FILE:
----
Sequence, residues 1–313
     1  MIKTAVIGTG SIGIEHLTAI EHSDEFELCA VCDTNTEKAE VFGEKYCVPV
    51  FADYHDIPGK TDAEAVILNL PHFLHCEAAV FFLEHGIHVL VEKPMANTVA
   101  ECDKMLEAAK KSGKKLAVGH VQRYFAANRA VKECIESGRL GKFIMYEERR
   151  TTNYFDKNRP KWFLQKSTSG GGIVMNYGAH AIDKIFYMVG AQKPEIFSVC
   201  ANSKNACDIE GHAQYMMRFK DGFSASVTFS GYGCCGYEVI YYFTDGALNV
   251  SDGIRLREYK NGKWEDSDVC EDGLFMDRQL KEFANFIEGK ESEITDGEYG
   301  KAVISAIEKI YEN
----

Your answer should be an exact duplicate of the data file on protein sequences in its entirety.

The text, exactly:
Sequence, residues 1–313
     1  MIKTAVIGTG SIGIEHLTAI EHSDEFELCA VCDTNTEKAE VFGEKYCVPV
    51  FADYHDIPGK TDAEAVILNL PHFLHCEAAV FFLEHGIHVL VEKPMANTVA
   101  ECDKMLEAAK KSGKKLAVGH VQRYFAANRA VKECIESGRL GKFIMYEERR
   151  TTNYFDKNRP KWFLQKSTSG GGIVMNYGAH AIDKIFYMVG AQKPEIFSVC
   201  ANSKNACDIE GHAQYMMRFK DGFSASVTFS GYGCCGYEVI YYFTDGALNV
   251  SDGIRLREYK NGKWEDSDVC EDGLFMDRQL KEFANFIEGK ESEITDGEYG
   301  KAVISAIEKI YEN